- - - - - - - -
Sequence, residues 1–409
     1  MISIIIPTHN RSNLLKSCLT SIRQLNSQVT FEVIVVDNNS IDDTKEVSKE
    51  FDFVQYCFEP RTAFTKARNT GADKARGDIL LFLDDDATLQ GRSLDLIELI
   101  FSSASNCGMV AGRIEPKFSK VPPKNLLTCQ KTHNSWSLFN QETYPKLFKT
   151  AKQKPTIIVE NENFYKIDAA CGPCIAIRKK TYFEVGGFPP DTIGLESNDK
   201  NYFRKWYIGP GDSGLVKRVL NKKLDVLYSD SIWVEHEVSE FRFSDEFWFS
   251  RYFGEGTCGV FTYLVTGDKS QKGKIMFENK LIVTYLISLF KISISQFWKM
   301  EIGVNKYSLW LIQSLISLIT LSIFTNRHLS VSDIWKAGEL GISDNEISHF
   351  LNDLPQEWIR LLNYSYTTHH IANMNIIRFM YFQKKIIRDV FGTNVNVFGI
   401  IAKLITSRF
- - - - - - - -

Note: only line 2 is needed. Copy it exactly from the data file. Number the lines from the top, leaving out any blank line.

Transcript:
     1  MISIIIPTHN RSNLLKSCLT SIRQLNSQVT FEVIVVDNNS IDDTKEVSKE